After the Shooting Script was approved, it was then analyzed and broken down into shooting sequence.


arranging of soenes mad© it possible to film everything which the script called for in a certain location, regard­ less of the continuity of the scenes. All the changes in copy, record of takes, angles, lighting, and notes were written on the shooting script as a guide in editing.

This, then, became the Master Script.

After the scenes all were filmed and processed, a primary selection of material was made from a work-print,

A work-

print is a duplicate made from the original camera film. This permits editing without danger of damaging the original camera film. The next step was the rough exit, In which the ma­ terials selected were arranged according to scenes and spliced together to make a continuous film or work print. This was edited roughly to the script*

The work-print was

then projected for final editing. Upon acceptance of the final editing, a master print of the film to make a first orint.


This master print was then used

This first orint wa3 orojected and

checked with the narration.

Whenever changes were made in

the scenes it necessitated changes and additions in the nar­ ration.

41 The film was projected through a transparent screen which was placed in front of the narrator and the narration was recorded on a film. film*

This la the original sound track

From the original sound track a work-print was made*

The work-print of the sound track and the final work-print of the picture were orojected in synchronization and tested for final editing.

At this point the final editing was made

on both the work-print of the picture and the sound track. The sound track was re-recorded to add the musical background and sound effects* The original camera picture film was edited to match frame for frame the final form of the picture workprint*

From the original camera film a duplicate negative

was made.

This duplicate negative and a negative of the

sound track were combined by printing onto one piece of film. This is called a first answer composite print.

Any tech­

nical corrections, such as changes in printing densities, and so forth, were made at this point.

Release prints will

be made in the same manner as the first answer composite print.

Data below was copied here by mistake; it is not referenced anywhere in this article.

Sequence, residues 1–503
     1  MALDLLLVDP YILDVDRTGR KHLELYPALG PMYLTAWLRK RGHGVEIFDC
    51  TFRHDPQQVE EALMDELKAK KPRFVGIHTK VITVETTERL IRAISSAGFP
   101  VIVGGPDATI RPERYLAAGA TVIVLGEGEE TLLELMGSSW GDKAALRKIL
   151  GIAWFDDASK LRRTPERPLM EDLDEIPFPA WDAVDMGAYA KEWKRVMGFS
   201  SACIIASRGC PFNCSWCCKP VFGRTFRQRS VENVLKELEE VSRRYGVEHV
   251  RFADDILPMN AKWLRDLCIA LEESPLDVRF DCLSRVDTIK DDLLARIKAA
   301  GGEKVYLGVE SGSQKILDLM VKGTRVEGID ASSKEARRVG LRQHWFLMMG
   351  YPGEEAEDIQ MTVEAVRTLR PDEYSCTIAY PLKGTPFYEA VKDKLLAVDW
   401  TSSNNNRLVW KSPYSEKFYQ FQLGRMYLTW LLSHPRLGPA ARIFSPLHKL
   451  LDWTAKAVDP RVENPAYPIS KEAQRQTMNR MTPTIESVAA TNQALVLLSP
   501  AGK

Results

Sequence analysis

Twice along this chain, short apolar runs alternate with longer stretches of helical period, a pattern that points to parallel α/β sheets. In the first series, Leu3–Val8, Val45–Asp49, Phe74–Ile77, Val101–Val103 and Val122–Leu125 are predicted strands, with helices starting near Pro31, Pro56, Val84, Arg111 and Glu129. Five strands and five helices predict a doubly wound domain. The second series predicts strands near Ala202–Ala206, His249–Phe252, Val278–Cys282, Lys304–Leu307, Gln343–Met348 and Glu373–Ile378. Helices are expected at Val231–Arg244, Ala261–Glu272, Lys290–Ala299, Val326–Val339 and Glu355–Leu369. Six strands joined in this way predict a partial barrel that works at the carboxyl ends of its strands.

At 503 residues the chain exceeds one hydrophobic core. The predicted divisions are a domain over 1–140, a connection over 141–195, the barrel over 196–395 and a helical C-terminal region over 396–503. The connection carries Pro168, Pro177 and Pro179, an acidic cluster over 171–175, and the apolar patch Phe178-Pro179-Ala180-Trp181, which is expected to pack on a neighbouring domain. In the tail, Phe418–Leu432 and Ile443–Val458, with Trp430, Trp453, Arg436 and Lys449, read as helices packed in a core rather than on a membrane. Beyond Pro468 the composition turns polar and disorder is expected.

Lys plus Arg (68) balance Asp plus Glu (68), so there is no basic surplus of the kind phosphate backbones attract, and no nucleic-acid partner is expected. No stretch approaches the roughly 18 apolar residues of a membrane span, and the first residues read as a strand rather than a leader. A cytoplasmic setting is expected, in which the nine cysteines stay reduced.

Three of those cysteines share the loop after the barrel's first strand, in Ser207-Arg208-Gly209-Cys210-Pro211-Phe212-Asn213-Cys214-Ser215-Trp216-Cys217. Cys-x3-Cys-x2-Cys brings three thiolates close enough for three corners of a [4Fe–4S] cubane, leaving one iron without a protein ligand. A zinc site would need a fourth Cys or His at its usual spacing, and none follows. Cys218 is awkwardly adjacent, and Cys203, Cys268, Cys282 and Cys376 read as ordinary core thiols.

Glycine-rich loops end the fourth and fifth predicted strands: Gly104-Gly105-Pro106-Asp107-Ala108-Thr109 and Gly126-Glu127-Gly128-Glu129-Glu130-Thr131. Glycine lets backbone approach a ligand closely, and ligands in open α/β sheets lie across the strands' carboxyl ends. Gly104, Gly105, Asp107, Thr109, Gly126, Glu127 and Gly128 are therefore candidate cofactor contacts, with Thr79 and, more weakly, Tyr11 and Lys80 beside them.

42 Treatment Outline A black and white sound motion picture film, to run approxi­ mately 18 minutes. Incidental music, with narration through­ out. To be a pre-service and in-service teacher training film, In the use of community resources In teaching* The film opens with a series of short scenes covering various aspects of a community, beginning with Main Street, its busi­ nesses, professions and industry, the residential areas, and ending with the school* In each area, students are in the scenes, on their way to school, with these same students appearing in the scenes near or at the school entering the building* Next Is shown a typical classroom, the class studying a unit on communication, as a problem arises* This is the ooint at which the Directory of Community Resources enters the nicture, as the teacher and class turn to it as a reference to places to visit* As the Directory is leafed through, oppor­ tunity Is given for quick shots of other community resources — the dairy, a city council meeting, the fire station, the waterworks, and an outdoor transformer substation* As the class decides upon a visit to the newspaper, the teacher begins listing on the board the planning committees* A pre-visit is made by teacher and committee* And back in the classroom, students make pre-trip preparations* The students and teacher plan Instructional procedures* The group then makes the trip to the newspaper plant, In­ specting the plant from editorial room to pressroom* Back again in the classroom begin the follow-up procedures, bul­ letin board activities, cartooning, further research and study. This leads to interest In other methods of commu­ nication, and again the Directory of Community Resources is used as a refei*ence to further places to visit* This permits shots showing radio facilities, telephone office, wirephoto apparatus, telegraph office and finally a classroom demon­ stration on television* As the school doors open, and the students emerge at the end of the school day, it is Indicated by narration, that they have now entered into a new world of learning, as the class­ room comes into the community*